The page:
Bing crossed the 20% threshold in search for the first time in March.
That's according to a new U.S. desktop search report from comScore, released this week.
Google (Tech30) remains the dominant search platform for desktop users, but its share slipped slightly late last year and has since leveled off at 64%. ,
Yahoo's share of search meanwhile has been declining since 2007, hitting a low of 10% last year. Its share saw a small spike in December, January, and February, helped in part by Firefox's decision to default its search engine to Yahoo for U.S. users.
CEO Marissa Mayer has said search remains a priority for the company as it evolves into a content platform, and has made strides to improve its search business. In the fourth quarter of 2014, Yahoo's search revenue grew slightly to $462 million as a result of more clicks on search ads and a bump in the price-per-click that advertisers pay.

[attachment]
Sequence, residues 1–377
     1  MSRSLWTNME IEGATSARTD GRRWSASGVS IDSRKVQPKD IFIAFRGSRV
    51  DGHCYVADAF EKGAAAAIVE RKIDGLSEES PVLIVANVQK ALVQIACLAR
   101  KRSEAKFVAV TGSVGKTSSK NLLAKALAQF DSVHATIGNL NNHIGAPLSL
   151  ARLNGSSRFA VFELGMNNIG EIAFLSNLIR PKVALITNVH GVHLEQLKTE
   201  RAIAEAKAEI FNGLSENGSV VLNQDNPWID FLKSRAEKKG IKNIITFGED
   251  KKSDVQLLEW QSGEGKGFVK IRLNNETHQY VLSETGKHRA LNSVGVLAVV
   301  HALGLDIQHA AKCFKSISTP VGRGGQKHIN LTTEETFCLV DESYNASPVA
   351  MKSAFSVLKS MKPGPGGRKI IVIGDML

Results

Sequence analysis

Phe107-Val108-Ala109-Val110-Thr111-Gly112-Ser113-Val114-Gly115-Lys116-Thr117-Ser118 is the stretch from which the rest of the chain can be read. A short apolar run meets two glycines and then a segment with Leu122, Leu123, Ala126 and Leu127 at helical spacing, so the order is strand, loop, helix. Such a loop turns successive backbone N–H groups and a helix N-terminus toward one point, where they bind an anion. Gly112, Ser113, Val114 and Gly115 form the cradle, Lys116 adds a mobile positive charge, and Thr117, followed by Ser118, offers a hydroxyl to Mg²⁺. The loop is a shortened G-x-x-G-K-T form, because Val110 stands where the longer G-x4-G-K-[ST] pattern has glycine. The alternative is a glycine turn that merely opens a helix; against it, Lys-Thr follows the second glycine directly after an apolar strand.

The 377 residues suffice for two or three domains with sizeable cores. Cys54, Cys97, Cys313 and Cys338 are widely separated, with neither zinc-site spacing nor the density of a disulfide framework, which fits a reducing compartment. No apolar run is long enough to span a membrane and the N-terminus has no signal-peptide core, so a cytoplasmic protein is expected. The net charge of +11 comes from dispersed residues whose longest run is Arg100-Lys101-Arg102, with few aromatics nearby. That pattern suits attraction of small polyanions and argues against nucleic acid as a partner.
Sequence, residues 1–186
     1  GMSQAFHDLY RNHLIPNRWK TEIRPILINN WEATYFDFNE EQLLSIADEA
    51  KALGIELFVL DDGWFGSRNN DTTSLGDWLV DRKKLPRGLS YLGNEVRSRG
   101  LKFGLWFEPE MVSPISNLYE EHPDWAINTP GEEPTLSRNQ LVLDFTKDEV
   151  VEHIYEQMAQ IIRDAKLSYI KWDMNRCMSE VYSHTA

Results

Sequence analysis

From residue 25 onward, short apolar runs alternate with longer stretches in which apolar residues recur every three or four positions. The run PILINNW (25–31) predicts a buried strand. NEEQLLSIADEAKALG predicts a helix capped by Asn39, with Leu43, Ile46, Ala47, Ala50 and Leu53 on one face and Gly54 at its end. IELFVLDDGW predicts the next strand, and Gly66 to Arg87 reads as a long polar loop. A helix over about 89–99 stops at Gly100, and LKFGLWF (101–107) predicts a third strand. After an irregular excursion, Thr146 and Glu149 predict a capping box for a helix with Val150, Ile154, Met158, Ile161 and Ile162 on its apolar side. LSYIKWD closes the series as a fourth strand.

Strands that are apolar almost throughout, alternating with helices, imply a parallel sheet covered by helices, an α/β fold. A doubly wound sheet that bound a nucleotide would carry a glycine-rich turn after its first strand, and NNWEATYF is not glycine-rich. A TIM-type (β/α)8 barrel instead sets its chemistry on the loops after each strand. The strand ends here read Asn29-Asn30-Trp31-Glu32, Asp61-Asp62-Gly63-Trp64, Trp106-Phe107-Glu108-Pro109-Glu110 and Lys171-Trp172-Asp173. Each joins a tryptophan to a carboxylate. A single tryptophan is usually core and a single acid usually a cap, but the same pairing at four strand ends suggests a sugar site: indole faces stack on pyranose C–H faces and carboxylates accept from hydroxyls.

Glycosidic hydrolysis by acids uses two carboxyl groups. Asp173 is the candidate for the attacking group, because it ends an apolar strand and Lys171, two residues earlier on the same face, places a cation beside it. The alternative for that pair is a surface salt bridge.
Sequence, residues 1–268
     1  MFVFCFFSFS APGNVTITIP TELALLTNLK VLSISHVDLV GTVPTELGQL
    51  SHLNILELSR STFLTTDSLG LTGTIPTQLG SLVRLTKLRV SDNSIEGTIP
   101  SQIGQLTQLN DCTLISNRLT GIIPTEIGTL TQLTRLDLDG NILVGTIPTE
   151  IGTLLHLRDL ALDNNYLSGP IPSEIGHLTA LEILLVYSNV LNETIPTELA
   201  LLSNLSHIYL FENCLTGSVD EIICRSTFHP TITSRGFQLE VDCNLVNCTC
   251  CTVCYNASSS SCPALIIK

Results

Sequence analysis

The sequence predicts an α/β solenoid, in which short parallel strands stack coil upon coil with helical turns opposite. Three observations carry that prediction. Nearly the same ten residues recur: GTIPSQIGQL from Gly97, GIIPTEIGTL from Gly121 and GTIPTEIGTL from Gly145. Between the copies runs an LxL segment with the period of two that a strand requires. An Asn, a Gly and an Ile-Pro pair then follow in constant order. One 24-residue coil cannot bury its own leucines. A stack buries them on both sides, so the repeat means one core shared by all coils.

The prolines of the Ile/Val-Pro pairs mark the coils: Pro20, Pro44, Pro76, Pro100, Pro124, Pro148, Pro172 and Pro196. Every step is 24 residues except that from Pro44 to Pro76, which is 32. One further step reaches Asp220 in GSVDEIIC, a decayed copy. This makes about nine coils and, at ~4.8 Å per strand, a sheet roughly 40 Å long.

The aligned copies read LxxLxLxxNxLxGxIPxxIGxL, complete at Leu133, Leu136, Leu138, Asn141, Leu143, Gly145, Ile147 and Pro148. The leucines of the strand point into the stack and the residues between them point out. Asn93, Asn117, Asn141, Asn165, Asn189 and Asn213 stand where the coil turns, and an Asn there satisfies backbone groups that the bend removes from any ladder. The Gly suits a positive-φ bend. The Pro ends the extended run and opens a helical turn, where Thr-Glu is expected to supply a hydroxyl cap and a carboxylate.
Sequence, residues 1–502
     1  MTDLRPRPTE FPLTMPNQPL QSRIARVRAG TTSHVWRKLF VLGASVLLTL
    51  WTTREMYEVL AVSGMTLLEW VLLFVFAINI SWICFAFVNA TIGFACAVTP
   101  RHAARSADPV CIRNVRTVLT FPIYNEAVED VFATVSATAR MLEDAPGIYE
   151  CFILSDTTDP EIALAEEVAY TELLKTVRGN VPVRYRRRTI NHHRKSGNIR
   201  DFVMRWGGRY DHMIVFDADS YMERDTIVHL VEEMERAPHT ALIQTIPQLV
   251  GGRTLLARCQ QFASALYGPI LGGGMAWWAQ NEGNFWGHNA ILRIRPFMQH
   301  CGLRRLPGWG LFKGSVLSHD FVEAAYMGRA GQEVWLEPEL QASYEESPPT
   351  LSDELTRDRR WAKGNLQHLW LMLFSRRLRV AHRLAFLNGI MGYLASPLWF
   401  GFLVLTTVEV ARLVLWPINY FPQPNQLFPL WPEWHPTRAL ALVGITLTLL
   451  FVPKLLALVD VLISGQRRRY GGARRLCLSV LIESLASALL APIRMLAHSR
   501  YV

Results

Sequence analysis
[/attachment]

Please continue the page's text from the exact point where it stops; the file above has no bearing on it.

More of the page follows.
For the past five years, Yahoo has been using Bing's search algorithms and delivering Bing search ads exclusively. But on Thursday, Yahoo announced it will try to improve its "search experience" by revising its deal with Microsoft.
Going forward, only 51% of Yahoo's search results on desktop need to be powered by Bing, and Yahoo can power its mobile search with whatever technology it chooses.
The revised partnership also merges Microsoft and Yahoo's sales operations. Microsoft sales teams will be responsible for Bing ads, while Yahoo sales teams will handle its own "Gemini" ads. " Under the old deal, Yahoo provided global sales teams for both.